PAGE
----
Addressing a knowledge gap in the medical community
At Women’s College Hospital (WCH) we believe that quality healthcare
should be available to everyone. We know that after resettlement in Canada,
refugees often face significant barriers to accessing healthcare and have difficulty
navigating the health system. Additionally, refugee patients have unique
healthcare needs, given their often traumatic experiences prior to their arrival
in Canada. That’s why the hospital launched its Crossroads Clinic. Crossroads
provides comprehensive medical services to newly arrived refugee patients.
“The Crossroads Clinic is making an on-the-ground impact for our
patients here in Toronto. At the same time, our team realized that there was a
large knowledge gap within the medical community on the needs of refugee and
refugee claimant patients. We felt that it wasn’t enough to have a single
clinic, we wanted to learn more and share our learnings with other researchers
and clinicians,” said Dr. Vanessa Redditt, a physician at Crossroads and a Women’s
College Hospital Institute for Health System Solutions and Virtual Care (WIHV)
As a result, WIHV and Crossroads have collaborated to launch multiple
research and education projects. For example, WIHV, working with a refugee
health clinic in Calgary, is creating a clinical database to track the health
status of newly arrived refugees noting basic socio-demographic factors, as
well as patients’ health conditions. “We plan to expand this database to
additional refugee clinics across the country to gain a more comprehensive view
of the health conditions and care utilization patterns of refugee populations
in Canada,” said Redditt.
To address the systemic barriers refugee patients face in accessing
care, the research team has conducted a study with York University aimed at
understanding the perceptions of primary care providers. Through a more
comprehensive understanding of providers’ involvement in the care of refugees
and challenges they have faced doing so, WIHV hopes to identify interventions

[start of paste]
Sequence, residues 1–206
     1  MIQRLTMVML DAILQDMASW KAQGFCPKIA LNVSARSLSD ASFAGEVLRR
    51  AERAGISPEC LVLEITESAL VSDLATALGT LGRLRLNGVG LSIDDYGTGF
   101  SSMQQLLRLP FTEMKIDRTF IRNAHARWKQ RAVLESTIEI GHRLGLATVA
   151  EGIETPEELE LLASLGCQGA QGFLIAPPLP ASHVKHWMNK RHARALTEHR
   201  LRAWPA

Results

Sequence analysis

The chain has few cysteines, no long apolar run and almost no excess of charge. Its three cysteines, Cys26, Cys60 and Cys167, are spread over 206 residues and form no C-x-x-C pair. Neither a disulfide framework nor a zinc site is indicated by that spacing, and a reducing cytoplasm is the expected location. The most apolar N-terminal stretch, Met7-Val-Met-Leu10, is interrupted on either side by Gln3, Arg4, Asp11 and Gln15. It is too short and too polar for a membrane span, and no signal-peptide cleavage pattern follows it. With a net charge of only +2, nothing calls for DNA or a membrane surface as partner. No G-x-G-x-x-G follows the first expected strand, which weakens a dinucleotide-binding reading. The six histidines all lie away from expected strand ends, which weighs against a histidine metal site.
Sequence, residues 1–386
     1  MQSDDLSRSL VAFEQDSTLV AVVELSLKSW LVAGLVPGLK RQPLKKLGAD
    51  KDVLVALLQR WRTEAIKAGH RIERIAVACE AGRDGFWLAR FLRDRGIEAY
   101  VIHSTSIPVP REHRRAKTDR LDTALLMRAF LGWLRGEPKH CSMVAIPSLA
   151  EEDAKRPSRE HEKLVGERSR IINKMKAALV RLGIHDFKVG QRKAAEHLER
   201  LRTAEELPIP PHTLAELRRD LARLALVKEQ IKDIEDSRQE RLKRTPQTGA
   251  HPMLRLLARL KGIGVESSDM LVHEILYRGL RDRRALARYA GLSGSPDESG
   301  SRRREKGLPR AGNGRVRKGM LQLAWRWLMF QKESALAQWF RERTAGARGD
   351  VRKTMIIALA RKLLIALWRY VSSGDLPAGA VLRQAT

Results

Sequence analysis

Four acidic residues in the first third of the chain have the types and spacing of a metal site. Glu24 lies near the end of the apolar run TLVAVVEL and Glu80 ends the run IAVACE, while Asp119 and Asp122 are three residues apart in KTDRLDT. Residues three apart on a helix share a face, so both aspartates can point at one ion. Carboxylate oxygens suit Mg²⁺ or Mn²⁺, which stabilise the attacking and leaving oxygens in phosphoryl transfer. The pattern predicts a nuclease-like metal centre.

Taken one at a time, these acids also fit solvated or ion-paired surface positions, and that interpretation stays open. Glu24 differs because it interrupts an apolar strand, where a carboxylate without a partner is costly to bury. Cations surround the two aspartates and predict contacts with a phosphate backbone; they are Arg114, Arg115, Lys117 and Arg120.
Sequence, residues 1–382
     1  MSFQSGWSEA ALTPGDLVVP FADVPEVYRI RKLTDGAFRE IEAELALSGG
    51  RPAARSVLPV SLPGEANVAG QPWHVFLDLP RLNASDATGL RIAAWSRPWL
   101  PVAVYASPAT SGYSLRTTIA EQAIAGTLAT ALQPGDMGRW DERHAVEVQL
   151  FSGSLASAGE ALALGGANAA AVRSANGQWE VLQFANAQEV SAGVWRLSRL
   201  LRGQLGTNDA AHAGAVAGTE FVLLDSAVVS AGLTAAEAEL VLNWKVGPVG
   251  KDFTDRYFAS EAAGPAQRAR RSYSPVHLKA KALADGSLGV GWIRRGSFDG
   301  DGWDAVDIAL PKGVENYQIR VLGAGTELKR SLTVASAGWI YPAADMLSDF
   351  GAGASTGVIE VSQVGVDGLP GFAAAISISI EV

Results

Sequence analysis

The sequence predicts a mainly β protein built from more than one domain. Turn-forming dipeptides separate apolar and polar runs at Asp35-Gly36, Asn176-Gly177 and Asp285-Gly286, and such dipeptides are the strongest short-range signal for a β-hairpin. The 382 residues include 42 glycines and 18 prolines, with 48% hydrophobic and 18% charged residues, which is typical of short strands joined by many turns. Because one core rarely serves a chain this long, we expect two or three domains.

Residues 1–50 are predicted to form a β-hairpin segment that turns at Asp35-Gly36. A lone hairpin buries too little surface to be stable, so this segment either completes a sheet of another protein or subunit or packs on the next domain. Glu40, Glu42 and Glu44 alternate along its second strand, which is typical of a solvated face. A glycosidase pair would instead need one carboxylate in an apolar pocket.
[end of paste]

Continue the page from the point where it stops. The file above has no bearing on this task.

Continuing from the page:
to support practitioners and in turn improve access to care.
Dr. Redditt and her team have also launched a series of workshops and
studies based out of Crossroads. “We recently launched a cervical cancer
screening study and are piloting a series of perinatal education workshops for
refugee women. The workshop content is particularly focused on health system
navigation, accessing community services and supporting healthy pregnancy and
newborn practices in an unfamiliar context,” Shivani Chandra, a WIHV research
This research program has not only led to quality improvements at
Crossroads but has helped to enhance medical and research education across the
country. The team has shared their initial findings with researchers and
clinicians at major conferences, generating greater understanding of the unique
needs of this patient population. Additionally, through the refugee shelter
outreach program created by WIHV and Crossroads, medical students are gaining a
deeper appreciation of social determinants of health and learning to provide
more sensitive and culturally safe medical care.
“Having the medical students volunteer with our programs, really enhanced the experience for the clients. It allowed students to create a rapport with clients, while also encouraging clients to engage with more people in the wider community. Working together promotes understanding, knowledge exchange and also assists clients with integration into their new communities. ” – Andrea Herod, Transitional Housing Coordinator, Sojourn House
As this research program continues, the team will be looking to dig deeper into how health status and access to care influences integration and social outcomes for refugee communities.
From Research to Practice
WCH’s Crossroads Clinic
Arriving in Canada with the hope of a better life, refugees often deal with the immediacy of finding housing and employment, culture shock and learning a new language. As a result, healthcare can easily slip down the priority list – despite the fact that many had to deal with lack of access to curative and preventive healthcare, psychosocial effects of war and violence during sometimes long stays in refugee camps.
Despite these pressing healthcare needs, a range of factors can impede their access to healthcare resulting in late intervention and potential health risks and complications like difficulty navigating our complex healthcare system, competing resettlement priorities and lack of familiarity with concepts of preventive healthcare.
To address these factors and help make the transition easier for newly arrived refugees, WCH created the Crossroads Clinic, Toronto’s first hospital-based refugee health clinic. The clinic aims to provide comprehensive primary care that is responsive to the unique and unmet needs of refugees during their first two years in Canada.